Star football midfielder Pavel Nedvěd has said his decision to retire from football at the end of the current season is final, The Independent has reported. The Czech international, who is 36 and plays for Juventus Turin, said he would no go back on his word, saying it was “time to make room for other things”.
The Czech daily Hospodářské noviny has reported that outgoing Prime Minister Mirek Topolánek has not ruled out a centre-right “alliance” between the Civic Democrats and others – possibly smaller parties - ahead of the early elections. Speaking to the daily, the prime minister hinted he wanted to bring together various organisations, including the Confederation of Political Prisoners – as a pre-election move. Last year, his party suffered defeat at the hands of the opposition Social Democrats in regional and Senate elections. Analysts are predicting that pre-election campaigns in the coming weeks by the two main parties will be particularly hard-hitting, not only ahead of the early elections in the Czech Republic but also ahead of elections to the European Parliament.
In related news, Czech President Václav Klaus made clear on Friday he will snub the Belarusian leader Alexander Lukashenko if he chooses to attend the summit in Prague. In a statement released by his office on Friday, the president made clear he would not shake hands with Mr Lukashenko nor would he receive him at Prague Castle.
The regional court in Ostrava, in the east of the country, has sentenced the former head of Moravia bank, Jiří Baron to 8.5 years in prison for loan fraud. The ruling toughens an earlier sentence, which was thrown out by the appeals court, by one year. In total, 17 people have been charged in the case for the alleged embezzlement of more than one billion crowns (the equivalent of around 49 million US dollars). Moravia bank went bankrupt in 1999; at the time it had around 9 billion crowns in its accounts.
Residents in the north Bohemian city of Ústí nad Labem are taking precautions ahead of a planned neo-Nazi march on Saturday. A Czech far-right group inspired by German neo-Nazis is allegedly marking the 64th anniversary of the bombing of the city in 1945, but observers say the real reason is to mark the upcoming anniversary of the birth of Nazi dictator Adolf Hitler. A spokeswoman for the police on Friday said that some 500 right-wing extremists could attend, some of them from neighbouring Germany. Leftist radicals are also expected to come out in opposition. The police are planning on maintaining a strong presence, with some 1,000 officers. Controls will also be in place in key areas, while local transport will be re-routed during the demonstration.
The Czech Foreign Minister Karel Schwarzenberg has invited Belarus to take part in the upcoming Eastern Partnership Summit, to take place in Prague on May 7. The foreign minister extended the invitation to controversial Belarusian leader Alexander Lukashenko on the behalf of the EU presidency on Friday. In Minsk, Mr Schwarzenberg stressed it was up to the president to decide who would represent his country. Until now, Belarus’ involvement had been in doubt over its poor record on human rights; the regime in the past had been dubbed the last dictatorship in Europe. The aim of the Prague summit is to develop and improve ties between the EU and six states from the former Soviet bloc, not just Belarus but also Armenia, Azerbaijan, Georgia, Moldova and Ukraine.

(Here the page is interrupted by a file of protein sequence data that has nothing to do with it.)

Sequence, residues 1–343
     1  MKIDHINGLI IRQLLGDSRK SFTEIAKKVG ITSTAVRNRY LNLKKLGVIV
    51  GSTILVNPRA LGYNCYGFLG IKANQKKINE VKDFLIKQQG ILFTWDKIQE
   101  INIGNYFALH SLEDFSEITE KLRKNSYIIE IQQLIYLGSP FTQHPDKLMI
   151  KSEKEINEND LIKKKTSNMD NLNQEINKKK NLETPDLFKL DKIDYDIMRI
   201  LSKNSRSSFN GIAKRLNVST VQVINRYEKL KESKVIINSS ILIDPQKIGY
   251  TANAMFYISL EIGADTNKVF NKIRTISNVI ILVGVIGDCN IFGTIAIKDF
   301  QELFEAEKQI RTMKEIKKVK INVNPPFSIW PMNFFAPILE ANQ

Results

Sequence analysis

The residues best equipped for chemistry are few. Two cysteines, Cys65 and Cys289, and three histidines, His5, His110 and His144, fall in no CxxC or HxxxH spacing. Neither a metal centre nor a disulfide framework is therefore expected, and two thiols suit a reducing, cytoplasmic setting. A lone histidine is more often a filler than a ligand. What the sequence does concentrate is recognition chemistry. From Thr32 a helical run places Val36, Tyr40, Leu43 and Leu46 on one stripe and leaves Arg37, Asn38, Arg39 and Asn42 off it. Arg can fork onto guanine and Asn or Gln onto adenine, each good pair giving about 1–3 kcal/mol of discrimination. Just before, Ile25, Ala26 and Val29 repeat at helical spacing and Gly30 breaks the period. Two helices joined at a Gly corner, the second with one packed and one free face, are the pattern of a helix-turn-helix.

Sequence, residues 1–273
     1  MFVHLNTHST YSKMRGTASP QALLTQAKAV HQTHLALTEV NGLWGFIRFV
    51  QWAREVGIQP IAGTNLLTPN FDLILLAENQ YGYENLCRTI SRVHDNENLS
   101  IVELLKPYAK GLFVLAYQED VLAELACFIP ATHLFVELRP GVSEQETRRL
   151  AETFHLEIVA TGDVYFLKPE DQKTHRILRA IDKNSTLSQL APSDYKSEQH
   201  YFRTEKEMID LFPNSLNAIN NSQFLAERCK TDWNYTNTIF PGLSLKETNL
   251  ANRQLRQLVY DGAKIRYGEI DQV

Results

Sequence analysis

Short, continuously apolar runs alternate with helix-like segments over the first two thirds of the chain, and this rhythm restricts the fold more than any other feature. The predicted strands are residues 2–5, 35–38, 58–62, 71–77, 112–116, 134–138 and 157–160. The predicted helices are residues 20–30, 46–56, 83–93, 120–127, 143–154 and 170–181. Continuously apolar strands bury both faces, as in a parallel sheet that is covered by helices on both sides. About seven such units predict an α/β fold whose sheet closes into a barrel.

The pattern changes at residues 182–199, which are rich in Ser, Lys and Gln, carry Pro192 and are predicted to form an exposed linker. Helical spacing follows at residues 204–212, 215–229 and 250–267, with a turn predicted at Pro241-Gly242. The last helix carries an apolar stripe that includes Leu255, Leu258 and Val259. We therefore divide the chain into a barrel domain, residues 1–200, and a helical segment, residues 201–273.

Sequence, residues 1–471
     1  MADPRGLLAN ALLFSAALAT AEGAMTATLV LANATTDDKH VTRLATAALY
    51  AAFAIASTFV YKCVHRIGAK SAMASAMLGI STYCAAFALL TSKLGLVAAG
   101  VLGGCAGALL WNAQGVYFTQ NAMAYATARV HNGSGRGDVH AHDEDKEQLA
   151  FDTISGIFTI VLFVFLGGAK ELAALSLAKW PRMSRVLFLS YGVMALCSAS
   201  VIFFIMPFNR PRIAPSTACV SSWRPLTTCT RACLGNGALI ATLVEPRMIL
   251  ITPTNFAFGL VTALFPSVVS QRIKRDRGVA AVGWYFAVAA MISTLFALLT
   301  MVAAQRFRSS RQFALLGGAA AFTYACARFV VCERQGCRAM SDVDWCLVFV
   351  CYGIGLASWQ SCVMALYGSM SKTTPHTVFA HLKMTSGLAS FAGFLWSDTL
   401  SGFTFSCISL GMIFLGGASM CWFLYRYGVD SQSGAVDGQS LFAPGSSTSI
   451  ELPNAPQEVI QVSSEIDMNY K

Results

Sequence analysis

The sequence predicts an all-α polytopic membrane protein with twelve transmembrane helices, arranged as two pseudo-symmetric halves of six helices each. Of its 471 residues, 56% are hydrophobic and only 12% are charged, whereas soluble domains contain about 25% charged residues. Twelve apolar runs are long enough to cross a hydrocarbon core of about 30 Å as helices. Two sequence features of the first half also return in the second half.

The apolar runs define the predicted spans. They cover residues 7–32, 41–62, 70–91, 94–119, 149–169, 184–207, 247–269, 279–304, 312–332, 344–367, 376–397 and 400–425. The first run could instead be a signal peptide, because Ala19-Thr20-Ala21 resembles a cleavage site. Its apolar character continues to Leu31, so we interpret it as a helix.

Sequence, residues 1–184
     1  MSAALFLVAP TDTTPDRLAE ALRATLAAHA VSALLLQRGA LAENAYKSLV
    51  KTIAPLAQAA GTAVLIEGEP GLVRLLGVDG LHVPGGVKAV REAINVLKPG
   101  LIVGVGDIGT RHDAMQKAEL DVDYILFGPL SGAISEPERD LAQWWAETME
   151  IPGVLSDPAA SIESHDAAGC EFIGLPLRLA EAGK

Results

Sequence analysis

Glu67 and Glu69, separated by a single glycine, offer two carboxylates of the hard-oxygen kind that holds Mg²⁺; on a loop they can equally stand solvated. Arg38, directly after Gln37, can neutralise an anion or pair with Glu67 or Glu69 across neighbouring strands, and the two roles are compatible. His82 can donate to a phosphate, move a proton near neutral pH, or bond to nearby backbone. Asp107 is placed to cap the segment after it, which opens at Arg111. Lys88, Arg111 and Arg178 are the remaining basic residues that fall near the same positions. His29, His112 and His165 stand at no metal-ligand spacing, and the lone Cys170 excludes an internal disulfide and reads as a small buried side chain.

Legendary Czech hockey goalie Dominik Hašek – who twice won the NHL’s Stanley Cup with the Detroit Red Wings and won gold at the Winter Olympics in 1998 - will return to hockey, internet news site iDnes has reported. The 44-year-old goalie retired from hockey last year but has reportedly signed a one-year contract with his hometown Pardubice, the website said. The player himself has so far declined to comment.
The head of the Christian Democratic Party, Jiří Čunek, has said he will propose that the country’s incoming cabinet push through a lowering of electricity prices in the Czech Republic. He made the statement on Friday, stressing he would make a proposal to Prime Minister-designate Jan Fischer next week. But he refused to elaborate, saying he would explain his plan - meant as an anti-crisis step – to Mr Fischer on Tuesday. In addition, on Friday the Christian Democrats confirmed they will not put forward recommendations for Mr Fischer's cabinet.
The upper house of the Czech Parliament is due to vote on the EU’s Lisbon treaty early next month, prior to the naming of a new interim cabinet. A spokesman revealed the news on Thursday, saying that the vote will take place during a session on May 6-7. There is speculation that the decision could be close, given the treaty is opposed by a number of Civic Democrats. The Lisbon treaty is aimed at reforming the functioning of the 27-member European Union, but has stalled in a number of countries, including Ireland and Poland. If it is ratified in the Czech Senate, the treaty will still need to be signed by President Václav Klaus, a well-known eurosceptic. The treaty must be ratified in all 27 EU countries to come into effect.
Canada’s Immigration Minister Jason Kenney has called on the Czech government to crack down on unscrupulous operators believed to be behind a massive surge in the number of refugee claimants arriving at Canadian airports. The increase, believed to emanate from the Czech Republic’s Roma community, began in late 2007 when Canada lifted the visa requirement for Czech visitors. In 2008, there were 853 Czech nationals seeking Canadian protection from alleged persecution at home, a staggering close to 1,000 per cent increase on the previous year.
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